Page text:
The name of this variety might suggest it has something to do with whiskey but in reality, that is not the case. The name comes from the fact that it was originally produced by the French region which was called Bourbon at that time and later introduced by the French to Latin America, including Colombia.
The trees are less conically shaped than Typica trees but they have more secondary branches and the branches are closely spaced from the main stem. These features allow Bourbon to have a yield that is 20-30% higher than Typica. Bourbon coffee cherries are relatively small and dense. Although this variety is known for its sweet cupping profile, it is rarely cultivated in Colombia because of its small size.
It is a natural dwarf-mutant of the Bourbon variety and therefore the trees are shorter than that of Bourbon’s. However, Caturra plants have even more secondary branches than the Bourbon plants and the branches are wide-spreading.
This allows more cherries to grow on each branch and not only that, but it also allows a more densely packed plantation style (more trees can be grown on each unit of land). These features give the Caturra variety a higher yield potential.
Maragogipe is a natural mutant of Typica which is native to Maragogipe, a municipality in Brazil. Maragogipe trees stand taller than that of both Typica and Bourbon and are also characterized by large leaves. Its cherries and beans are the largest among all the coffee species and have earned the name of "elephant coffee beans". Despite the large beans and being appreciated as a rarity in certain coffee markets, the Maragogipe variety has low productivity.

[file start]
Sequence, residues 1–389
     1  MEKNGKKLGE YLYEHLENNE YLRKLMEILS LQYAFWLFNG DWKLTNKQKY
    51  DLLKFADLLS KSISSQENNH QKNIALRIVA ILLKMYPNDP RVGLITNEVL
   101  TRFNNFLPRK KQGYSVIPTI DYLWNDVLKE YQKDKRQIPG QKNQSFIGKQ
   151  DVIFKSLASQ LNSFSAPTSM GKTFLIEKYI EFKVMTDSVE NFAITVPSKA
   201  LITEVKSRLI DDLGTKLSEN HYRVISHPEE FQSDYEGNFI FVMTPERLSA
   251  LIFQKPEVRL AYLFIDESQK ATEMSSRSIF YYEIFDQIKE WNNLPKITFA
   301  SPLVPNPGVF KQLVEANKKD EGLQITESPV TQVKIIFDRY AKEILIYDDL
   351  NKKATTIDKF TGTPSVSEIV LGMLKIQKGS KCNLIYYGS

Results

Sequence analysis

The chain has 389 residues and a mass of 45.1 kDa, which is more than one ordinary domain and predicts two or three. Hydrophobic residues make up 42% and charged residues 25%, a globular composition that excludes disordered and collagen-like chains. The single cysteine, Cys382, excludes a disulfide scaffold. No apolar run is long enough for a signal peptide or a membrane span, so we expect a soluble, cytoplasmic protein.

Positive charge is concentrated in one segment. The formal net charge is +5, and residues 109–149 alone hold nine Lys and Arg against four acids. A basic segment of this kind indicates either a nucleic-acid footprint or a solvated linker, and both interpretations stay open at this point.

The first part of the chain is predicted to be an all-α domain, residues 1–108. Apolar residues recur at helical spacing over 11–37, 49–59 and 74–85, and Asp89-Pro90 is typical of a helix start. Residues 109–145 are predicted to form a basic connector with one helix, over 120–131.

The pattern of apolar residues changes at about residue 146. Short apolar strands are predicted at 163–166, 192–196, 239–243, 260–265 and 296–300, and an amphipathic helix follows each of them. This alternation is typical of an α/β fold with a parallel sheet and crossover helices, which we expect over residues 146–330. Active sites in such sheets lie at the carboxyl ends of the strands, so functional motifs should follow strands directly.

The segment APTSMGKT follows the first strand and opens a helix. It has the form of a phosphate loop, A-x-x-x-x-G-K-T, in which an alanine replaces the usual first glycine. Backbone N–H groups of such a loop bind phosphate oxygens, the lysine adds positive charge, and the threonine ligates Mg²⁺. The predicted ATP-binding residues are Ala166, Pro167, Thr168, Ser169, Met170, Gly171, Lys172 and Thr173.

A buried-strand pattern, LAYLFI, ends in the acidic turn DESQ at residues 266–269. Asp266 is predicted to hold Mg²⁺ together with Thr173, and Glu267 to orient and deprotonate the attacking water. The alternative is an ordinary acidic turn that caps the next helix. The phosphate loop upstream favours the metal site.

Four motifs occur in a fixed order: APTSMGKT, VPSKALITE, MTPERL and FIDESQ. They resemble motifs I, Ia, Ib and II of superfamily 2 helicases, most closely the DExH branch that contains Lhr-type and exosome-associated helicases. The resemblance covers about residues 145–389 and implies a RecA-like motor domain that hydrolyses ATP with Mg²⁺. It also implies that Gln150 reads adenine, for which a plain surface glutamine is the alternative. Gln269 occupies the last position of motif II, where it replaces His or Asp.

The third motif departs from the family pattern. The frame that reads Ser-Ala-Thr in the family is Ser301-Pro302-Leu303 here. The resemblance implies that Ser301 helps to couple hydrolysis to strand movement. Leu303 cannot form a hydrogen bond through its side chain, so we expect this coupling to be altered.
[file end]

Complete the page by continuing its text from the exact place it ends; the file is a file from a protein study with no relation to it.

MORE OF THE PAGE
The name of this Arabica coffee variety “Tabi” means “Good” in Guambiano (a native Colombian tribe dialect). This name is a well-deserved one, and might as well be an understatement. This cultivar was born by Cenicafé’s (Colombia's National coffee research institute) pursuit of producing a variety that was resistant to coffee diseases but also had a great cup quality and productivity.
Finally, in 2002, the Tabi variety was introduced: a cross between Typica, Bourbon, and Timor hybrid. The genes derived from Timor hybrid give Tabi variety its strong resistance to Coffee Leaf Rust disease, whereas the genes from Typica and Bourbon give it exceptional cup quality. Similar to Typica and Bourbon, the Tabi variety has a tall trunk and long branches.
The Colombia variety, also known as Variedad Colombia, has been improved across five generations of breeding cycles and was finally perfected and introduced by Cenicafé in 1983. The crossing process which resulted in the Colombia variety started by hybridizing Coffee Leaf Rust resistant varieties Caturra and Timor hybrid.
Then the offsprings of this cross were self-pollinated with Caturra for four times to result in the Colombia variety which is, like its parent Caturra, highly resistant to Coffee Leaf Rust and has a high yield. As this variety was made before the first outbreak of Coffee Leaf Rust in Colombia, it is sometimes believed to be the variety that saved Colombia's coffee industry.
Born through the hybridization techniques leading up to the Colombia variety, Castillo is a new variety that was developed by Cenicafe over two decades. Castillo is the flag of “Colombia sin Roya" (Colombia without Rust), a program targeted to renew and recover high-quality coffee production in Colombia, which was implemented by FNC (National Federation of Coffee Growers).
It is highly resistant to Coffee Leaf Rust disease (CLR) and Coffee Berry Disease (CBD). Moreover, it is better at adapting to the environment and has a higher yield than both Colombia and Caturra varieties. It boasts of large bean size, and its beans give the final cup a rich taste and deep flavors. Needless to say, Castillo is currently the most cultivated variety in Colombia.